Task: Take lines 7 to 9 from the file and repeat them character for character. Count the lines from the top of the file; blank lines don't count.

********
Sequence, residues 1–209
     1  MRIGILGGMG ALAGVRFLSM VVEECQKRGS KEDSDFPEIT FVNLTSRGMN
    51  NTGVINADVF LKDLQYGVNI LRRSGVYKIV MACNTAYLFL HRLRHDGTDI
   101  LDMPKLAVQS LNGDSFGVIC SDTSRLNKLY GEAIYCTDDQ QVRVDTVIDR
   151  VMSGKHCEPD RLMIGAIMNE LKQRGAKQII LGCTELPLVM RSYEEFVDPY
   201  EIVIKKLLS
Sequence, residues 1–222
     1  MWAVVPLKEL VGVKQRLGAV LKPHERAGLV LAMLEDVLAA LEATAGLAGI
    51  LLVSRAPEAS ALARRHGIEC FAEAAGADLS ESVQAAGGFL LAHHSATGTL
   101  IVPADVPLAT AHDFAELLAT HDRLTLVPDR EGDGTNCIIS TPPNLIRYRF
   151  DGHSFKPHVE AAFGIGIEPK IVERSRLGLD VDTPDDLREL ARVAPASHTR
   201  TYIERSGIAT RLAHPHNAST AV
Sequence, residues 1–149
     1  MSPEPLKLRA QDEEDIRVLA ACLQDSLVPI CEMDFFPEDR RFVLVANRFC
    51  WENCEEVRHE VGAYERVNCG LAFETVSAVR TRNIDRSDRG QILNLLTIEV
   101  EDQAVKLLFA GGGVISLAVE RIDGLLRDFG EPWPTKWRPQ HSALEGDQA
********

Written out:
Sequence, residues 1–222
     1  MWAVVPLKEL VGVKQRLGAV LKPHERAGLV LAMLEDVLAA LEATAGLAGI
    51  LLVSRAPEAS ALARRHGIEC FAEAAGADLS ESVQAAGGFL LAHHSATGTL